Creation in the Ignatian Theological Context

The Ignatian vision is one of the perspectives from which it is possible to study the creation of humanity, people’s relationship with God, and the ethical principles of life. Creation is the central theme of Ignatius’s “The First Principle and Foundation,” which, by definition, provides the basic understanding of how the world is organized. This essay focuses on the concept of creation and the moral of humans’ life, and how these theological claims are related to other sacred texts.

In the Ignatian theological context, creation is the source of life and allows humanity to emerge. Life in this text is presented as a gift from God to His people. Other things created by Him exist “to help them in working toward the end for which they are created.” Therefore, the creation of human beings was not God’s sole goal, and life is not the reason for humans’ existence. According to Ignatius’s vision of life, “the end” is the ultimate goal of every human life, and God’s creation is what enables people to attain the objective. Therefore, creation is seen as the beginning of the long way towards God, and the things created by Him should help humans in this lifetime journey.

An important message related to the theme of creation is that people should respect other things and make the right choices in their lives. Therefore, Ignatius encourages humans to use all the things created by God that help one towards “the end” and avoid everything that can make a person further from Him. Moreover, he states that an individual should not focus on things themselves but rather on their meaning in their life to become a loving and honest person. Human beings will be evil if they abuse God’s gifts and make them the center of their life. Therefore, the creation of humanity and material things gives people an opportunity to choose their path, which would help them in their journey towards God.

The similar motives of creation are presented in Genesis, Chapter 1-3. God created the world in six days, on the sixth day He created Adam and Eve. The idea of making choices is also reflected in how Eve ate the fruit of the tree of knowledge of good and evil. Because of this disobedience, God cursed Adam and Eve, proving that the wrong life decisions make people further from Him. As God is depicted as the creator in Genesis, all the things can be helpful or harmful to people.

In the Book of Exodus, it is possible to see how the ethical principles of life described by Ignatius are reflected in the ten commandments of God. He instructs people to be committed to him, which corresponds to Ignatius’s vision of seeing God in every detail and going towards Him. Moreover, other commandments, such as not to murder, steal, commit adultery, or be envious, imply that being an honest, loving, and kind individual is the only right way leading to God. Therefore, the Bible reveals the main principles of a good human life.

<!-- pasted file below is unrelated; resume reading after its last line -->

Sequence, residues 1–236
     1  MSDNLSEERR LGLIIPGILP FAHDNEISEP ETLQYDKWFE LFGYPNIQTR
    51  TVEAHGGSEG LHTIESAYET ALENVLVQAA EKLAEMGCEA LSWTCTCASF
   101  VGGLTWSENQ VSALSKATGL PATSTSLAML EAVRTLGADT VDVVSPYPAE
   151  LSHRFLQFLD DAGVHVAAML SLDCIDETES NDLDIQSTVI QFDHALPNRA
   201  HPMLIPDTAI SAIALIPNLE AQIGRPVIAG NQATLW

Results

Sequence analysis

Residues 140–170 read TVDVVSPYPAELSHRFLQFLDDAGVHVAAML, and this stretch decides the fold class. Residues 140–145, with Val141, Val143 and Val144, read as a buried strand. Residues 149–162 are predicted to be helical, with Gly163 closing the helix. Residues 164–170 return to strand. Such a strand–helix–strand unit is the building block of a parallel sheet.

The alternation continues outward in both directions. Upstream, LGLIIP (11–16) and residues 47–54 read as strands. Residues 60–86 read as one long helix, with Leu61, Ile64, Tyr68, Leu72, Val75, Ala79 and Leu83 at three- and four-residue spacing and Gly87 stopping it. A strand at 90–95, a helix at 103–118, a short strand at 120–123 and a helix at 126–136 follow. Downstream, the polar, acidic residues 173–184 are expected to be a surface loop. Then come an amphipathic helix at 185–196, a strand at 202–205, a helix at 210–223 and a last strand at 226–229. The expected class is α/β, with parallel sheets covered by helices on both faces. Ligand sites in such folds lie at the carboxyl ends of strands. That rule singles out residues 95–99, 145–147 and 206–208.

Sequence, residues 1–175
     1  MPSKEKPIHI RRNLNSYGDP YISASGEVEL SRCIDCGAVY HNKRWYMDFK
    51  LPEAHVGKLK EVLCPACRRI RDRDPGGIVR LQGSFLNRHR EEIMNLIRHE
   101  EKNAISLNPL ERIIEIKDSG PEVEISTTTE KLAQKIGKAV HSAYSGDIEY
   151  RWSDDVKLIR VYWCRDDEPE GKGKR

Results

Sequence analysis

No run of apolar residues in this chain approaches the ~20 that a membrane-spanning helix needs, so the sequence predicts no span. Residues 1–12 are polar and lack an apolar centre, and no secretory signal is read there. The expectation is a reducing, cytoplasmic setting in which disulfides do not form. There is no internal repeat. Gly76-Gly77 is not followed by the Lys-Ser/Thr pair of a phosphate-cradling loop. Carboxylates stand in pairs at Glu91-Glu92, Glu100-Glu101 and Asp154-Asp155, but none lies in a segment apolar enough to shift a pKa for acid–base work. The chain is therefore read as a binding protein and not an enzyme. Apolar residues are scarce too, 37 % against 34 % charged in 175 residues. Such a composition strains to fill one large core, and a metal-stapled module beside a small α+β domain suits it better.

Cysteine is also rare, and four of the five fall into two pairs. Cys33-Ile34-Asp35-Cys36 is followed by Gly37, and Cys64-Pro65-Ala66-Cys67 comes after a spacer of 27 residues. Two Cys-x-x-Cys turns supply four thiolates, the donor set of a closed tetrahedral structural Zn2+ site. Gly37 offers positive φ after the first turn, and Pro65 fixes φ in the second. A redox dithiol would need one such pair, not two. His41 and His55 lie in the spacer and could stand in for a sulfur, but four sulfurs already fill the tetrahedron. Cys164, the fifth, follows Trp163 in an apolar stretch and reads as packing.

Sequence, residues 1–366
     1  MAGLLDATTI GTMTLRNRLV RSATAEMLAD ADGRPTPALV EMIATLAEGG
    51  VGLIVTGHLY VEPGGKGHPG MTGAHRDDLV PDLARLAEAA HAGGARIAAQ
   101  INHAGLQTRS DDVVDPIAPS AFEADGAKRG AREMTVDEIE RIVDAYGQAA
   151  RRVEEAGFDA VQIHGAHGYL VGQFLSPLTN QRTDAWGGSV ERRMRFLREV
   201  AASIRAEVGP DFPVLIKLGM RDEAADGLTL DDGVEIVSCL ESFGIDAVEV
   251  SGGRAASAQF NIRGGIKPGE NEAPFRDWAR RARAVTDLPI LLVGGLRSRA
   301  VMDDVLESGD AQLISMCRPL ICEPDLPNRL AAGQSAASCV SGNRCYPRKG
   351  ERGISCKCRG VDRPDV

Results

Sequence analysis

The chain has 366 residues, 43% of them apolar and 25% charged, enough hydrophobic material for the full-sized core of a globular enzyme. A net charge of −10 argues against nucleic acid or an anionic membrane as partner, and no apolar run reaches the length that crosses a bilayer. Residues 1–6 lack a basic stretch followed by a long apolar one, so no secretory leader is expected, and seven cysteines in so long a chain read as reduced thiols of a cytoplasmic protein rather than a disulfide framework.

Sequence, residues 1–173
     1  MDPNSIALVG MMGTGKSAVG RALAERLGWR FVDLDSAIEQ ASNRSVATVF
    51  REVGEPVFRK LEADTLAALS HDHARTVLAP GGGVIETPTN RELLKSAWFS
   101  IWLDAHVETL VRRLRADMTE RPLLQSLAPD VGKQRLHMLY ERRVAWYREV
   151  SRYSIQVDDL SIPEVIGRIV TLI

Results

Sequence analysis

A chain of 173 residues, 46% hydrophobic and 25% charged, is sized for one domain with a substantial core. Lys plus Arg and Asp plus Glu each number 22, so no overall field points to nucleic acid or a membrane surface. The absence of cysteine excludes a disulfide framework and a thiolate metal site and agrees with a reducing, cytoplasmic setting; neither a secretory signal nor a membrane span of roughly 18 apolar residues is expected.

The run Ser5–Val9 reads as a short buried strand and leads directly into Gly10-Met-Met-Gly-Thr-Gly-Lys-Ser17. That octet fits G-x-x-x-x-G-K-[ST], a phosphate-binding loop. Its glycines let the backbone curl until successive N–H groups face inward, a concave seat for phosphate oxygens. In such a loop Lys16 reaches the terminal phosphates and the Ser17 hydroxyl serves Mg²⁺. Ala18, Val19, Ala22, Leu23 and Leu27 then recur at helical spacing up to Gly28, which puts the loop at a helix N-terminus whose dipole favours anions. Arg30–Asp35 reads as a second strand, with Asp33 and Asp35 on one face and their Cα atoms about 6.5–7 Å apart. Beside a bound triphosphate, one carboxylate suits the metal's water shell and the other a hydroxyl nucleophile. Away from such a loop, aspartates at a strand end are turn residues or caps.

In conclusion, it is possible to say that Ignatius’s “The First Principle and Foundation” provides a fundamental understanding of the beginning of the world and the moral life principles. Creation is presented as God’s gift, making people closer to “the end.” In life, people need to choose how that would make them better as humans and help them move towards God. These ideas can also be found in Genesis and Exodus, where the statements of creation and following God’s commandments reflect how the world was created and what principles of ethics should be the basis of life.

Understanding Personal Proper Telos

According to Aristotle, human beings have a purpose in their journey in life. In “The First Principle and Foundation”, Aristotle refers to the purpose in human life as a “person’s proper telos” (Haight, 2012). To achieve a person’s proper telos, one has to live a righteous life with God’s creation. Also, in all their interactions with other creations, human beings must work towards achieving their “end”. Human beings must remember that their sole purpose is to serve God while using other creations for this purpose (Haight, 2012). Aristotle forbids human beings from being drawn away from their “end” by other things in life such as health, wealth, honor, and long life.